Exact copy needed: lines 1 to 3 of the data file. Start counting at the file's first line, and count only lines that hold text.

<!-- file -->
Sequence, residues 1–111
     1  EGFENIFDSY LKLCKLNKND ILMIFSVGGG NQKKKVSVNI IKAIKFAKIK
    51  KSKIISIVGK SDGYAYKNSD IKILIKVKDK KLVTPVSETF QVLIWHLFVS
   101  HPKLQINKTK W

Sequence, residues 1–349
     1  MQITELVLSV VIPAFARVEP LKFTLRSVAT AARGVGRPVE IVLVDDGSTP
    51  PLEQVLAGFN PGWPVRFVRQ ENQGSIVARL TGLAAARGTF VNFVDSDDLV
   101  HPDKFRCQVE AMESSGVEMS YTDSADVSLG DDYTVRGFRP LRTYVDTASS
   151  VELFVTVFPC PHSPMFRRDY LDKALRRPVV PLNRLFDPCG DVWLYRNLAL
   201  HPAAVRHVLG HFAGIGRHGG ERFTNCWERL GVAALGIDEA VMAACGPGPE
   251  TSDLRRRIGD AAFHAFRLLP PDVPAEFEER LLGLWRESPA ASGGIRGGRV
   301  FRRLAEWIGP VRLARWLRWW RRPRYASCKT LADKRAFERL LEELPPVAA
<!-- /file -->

Sequence, residues 1–111
     1  EGFENIFDSY LKLCKLNKND ILMIFSVGGG NQKKKVSVNI IKAIKFAKIK
    51  KSKIISIVGK SDGYAYKNSD IKILIKVKDK KLVTPVSETF QVLIWHLFVS